Niki Kelly | The Journal Gazette The Indiana Supreme Court courtroom is adorned with more than 100 pictures of justices who served throughout the decades. A new picture will go up in a few months.
Sunday, March 19, 2017 9:44 am
State again in search of jurist for high court
Niki Kelly | The Journal Gazette
INDIANAPOLIS – With just seven years under his belt, Justice Steven David is the old-timer on the Indiana Supreme Court.
In 2010 he kicked off a carousel of arrivals as he replaced former Justice Theodore Boehm.
Three more new justices followed – Mark Massa in April 2012, Loretta Rush in November 2012 and Geoffrey Slaughter in June 2016.
Now the Judicial Nominating Commission begins interviewing Monday for a fifth new justice – replacing retiring Justice Robert Rucker, whose last day is in May.
The result is a wholesale change in the Indiana Supreme Court in just seven years.
"I never could have imagined this," David said. "I thought maybe one or two retirements over maybe 10 years. It is a big change.
"Each of them have assured me it isn’t me personally," he joked.
The overhaul is pretty novel though muted a bit because Indiana has only five justices while 35 states have between 7 and 9.
While all the justices on the court have decades in the legal profession, their institutional knowledge of the state’s highest court is slim.
"There’s a yin and a yang to turnover. Institutional memory is a valuable commodity," said Randall T. Shepard, who served on the court from 1985 to 2012, the majority as chief justice.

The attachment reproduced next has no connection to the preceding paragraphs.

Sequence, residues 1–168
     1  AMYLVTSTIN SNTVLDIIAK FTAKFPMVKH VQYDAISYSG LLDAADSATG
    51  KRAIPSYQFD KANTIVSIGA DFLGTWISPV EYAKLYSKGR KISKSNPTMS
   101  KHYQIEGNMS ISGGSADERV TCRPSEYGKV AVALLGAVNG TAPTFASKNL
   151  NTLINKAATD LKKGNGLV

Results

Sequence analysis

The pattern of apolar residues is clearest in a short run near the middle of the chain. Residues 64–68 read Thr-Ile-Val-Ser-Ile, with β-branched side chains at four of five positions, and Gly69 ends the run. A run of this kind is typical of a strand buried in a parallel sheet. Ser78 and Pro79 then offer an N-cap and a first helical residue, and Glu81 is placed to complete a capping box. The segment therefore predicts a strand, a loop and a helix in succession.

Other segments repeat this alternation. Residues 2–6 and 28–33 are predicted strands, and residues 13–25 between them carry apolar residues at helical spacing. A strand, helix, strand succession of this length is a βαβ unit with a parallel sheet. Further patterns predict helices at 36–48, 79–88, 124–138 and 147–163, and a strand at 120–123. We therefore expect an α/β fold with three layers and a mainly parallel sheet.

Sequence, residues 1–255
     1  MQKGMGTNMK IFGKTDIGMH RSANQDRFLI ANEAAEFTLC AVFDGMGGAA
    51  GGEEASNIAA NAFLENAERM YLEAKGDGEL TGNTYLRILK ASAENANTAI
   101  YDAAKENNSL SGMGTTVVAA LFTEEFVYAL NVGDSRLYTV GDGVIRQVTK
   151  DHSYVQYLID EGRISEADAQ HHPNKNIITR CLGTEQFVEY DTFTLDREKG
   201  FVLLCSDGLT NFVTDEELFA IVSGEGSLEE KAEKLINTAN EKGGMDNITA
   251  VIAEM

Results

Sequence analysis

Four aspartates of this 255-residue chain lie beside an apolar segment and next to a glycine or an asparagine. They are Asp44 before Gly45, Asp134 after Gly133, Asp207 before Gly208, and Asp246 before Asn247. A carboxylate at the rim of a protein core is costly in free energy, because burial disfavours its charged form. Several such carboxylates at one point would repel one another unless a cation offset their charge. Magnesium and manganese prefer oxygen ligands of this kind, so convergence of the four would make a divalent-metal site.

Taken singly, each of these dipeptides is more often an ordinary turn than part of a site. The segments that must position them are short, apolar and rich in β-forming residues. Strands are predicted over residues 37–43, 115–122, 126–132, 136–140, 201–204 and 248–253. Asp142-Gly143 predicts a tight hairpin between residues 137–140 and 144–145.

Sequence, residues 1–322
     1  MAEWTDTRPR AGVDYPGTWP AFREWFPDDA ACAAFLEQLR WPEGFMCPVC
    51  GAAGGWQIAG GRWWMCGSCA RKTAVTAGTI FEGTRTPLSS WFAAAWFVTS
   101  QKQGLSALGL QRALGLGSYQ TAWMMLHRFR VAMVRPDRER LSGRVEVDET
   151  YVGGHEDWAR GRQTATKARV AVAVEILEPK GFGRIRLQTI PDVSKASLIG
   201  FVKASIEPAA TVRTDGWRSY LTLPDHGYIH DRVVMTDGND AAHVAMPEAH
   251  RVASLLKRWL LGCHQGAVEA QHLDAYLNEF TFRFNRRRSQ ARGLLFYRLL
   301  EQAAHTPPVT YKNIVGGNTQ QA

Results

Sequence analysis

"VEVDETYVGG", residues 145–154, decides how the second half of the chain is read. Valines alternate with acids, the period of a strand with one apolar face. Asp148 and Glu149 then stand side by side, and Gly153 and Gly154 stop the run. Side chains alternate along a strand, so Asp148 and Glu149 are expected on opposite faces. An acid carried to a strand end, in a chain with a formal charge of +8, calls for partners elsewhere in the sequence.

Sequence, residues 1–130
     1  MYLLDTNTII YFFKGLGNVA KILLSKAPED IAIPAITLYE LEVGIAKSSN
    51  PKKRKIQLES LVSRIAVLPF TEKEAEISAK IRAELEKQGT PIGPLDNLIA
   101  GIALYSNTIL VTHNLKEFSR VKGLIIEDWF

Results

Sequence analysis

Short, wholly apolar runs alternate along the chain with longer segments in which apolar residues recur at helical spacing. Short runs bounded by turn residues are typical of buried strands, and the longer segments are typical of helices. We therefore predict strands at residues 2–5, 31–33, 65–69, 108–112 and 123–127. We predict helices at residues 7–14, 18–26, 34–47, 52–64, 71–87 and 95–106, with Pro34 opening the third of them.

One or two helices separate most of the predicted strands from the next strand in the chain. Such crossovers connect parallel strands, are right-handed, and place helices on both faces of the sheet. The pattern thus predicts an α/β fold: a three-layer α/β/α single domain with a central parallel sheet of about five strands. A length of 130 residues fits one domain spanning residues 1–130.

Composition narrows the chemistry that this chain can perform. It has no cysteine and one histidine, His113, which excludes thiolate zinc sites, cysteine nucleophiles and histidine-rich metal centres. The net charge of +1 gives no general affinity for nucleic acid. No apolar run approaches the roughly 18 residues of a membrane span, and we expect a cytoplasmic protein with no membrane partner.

He was part of the longest-tenured group of five justices together – serving from 1999 to 2010. Court staff at the time researched the feat and had a Hershey bar made with the likeness of the five members’ faces.
"So we went from total stability to all new people. That contast is stark," said Joel Schumm, professor of law at Indiana University’s Indianapolis campus.
"That being said I don’t think it’s made a huge difference. The fear in a court turnover in a short period of time is they will dramatically change the way they rule. That hasn’t happened."
Rucker’s departure also brings another distinction – the first time since 1958 that all five members of the court will have been appointed by governors of the same political party.
Mitch Daniels picked three of the current members, Mike Pence had one appointment and Gov. Eric Holcomb will get his first selection in the next few months.
Chief Justice Loretta Rush said things eventually have to change and this seems to be the season for the Indiana Supreme Court.
She noted there can be advantages to a new person bringing a fresh perspective. But she also acknowledges the court will miss Rucker’s life experience.
"I’ve had the benefit of having Justice Rucker’s voice in my head," Rush said. "I think having the diversity of voices is key. There’s all kinds of diversity. There is diversity in race. There’s diversity in practice background. There’s locational diversity."
She said political ideology plays little within the court. About 80 percent of the cases are decided unanimously, and Rush challenges people to find clear party lines in many of the votes.